Advent is a time of expectation, preparation, and hope.  But what we expect, prepare, and hope for may not arrive as we have planned it.  And it may not arrive on our schedule. God works in mysterious ways, and, often, in more mysterious time frames.  I’ve learned that it is important to expect, prepare, and hope, but that we also need to be open to surprise.

That was my greatest lesson from all of 2014.  Many of us had great hopes for the October synod on marriage and family.  We spent months in anticipation, buoyed by Pope Francis’ positive messages signaling openness to change, by the Vatican’s call for greater discussion by the entire church, and by greater openness from bishops around the world to recognizing the positive gifts of lesbian and gay couples.

We prayed and prepared and hoped.  And as the synod opened, we started hearing positive messages from participants and observers.  And then came the mid-term report, with its strongly worded affirmations of lesbian and gay people.  Our hopes, it seemed, were being realized. I even toyed with the idea that the work of Catholic LGBT advocacy would soon be waning, that our hopes and dreams were now being realized at last.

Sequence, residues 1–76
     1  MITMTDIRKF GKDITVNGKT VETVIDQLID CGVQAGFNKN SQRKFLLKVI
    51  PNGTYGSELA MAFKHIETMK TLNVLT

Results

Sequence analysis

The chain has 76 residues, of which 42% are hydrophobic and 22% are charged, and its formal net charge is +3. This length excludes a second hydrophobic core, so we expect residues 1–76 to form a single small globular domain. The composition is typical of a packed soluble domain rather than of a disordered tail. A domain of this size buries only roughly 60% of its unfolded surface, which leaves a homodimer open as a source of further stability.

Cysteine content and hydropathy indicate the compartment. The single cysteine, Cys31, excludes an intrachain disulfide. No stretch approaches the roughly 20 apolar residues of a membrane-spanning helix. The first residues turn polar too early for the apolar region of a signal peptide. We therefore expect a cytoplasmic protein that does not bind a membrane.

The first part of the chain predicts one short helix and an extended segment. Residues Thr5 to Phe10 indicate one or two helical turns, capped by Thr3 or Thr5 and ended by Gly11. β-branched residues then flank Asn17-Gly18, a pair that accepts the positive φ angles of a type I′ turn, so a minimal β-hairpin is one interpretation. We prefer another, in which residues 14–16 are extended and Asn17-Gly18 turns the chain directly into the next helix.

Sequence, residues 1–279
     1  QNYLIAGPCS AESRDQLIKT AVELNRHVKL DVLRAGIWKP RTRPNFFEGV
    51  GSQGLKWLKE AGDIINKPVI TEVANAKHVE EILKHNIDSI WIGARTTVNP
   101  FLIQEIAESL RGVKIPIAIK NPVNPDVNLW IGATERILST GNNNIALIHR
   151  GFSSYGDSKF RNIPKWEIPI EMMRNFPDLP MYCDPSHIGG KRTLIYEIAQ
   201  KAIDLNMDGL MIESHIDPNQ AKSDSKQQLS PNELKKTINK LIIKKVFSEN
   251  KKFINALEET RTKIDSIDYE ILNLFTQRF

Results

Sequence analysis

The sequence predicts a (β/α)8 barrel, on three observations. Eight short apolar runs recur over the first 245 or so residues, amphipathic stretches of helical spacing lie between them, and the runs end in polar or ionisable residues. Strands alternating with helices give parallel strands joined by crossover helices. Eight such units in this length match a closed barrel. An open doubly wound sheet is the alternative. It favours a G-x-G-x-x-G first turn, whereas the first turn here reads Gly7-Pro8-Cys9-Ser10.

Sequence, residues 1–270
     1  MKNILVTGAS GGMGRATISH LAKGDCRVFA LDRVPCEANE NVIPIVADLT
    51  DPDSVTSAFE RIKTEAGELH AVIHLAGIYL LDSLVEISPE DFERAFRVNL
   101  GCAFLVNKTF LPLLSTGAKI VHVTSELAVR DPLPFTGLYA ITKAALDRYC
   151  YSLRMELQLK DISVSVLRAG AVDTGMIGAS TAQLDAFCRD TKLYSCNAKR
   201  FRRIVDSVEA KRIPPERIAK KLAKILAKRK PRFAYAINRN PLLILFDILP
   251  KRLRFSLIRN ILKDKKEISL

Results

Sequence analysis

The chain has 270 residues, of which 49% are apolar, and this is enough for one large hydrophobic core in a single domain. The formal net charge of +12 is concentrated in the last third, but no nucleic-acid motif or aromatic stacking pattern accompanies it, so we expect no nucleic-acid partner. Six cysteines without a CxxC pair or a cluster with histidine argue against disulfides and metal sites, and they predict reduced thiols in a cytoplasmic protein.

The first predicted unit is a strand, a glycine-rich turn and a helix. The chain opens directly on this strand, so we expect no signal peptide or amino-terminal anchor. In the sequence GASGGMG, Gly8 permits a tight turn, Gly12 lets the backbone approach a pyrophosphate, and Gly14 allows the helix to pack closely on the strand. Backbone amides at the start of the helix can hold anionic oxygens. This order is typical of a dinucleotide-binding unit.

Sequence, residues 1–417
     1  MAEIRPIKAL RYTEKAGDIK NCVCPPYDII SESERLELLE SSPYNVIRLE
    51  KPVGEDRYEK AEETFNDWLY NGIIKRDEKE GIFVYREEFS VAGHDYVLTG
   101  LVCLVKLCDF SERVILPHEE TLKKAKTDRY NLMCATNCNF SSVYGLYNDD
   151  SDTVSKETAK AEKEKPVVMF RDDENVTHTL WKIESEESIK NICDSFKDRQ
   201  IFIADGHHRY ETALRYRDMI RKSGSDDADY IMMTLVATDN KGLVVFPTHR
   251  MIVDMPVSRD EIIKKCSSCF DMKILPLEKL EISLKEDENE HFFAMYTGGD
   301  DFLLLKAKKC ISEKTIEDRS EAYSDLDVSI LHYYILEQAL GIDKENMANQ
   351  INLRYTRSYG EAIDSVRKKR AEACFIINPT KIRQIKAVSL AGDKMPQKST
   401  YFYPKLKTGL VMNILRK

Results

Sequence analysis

Then the final report came out, and we found ourselves in the same position that we had always been in.  No positive message.  Was all the expectation, preparation, and hope for naught?

One of my favorite spiritual writers, José Antonio Pagola, in a homily on the fourth Sunday of Advent in his book, Following in the Footsteps of Jesus: Meditations on the Gospel, Year B, notes that the coming of Jesus was also seen as a disappointment for many.  Born in the backwater of Bethlehem, in a stable, in the midst of Roman occupation, to unknown, powerless parents, Jesus certainly did not have any of the earmarks of a Messiah that Israel expected.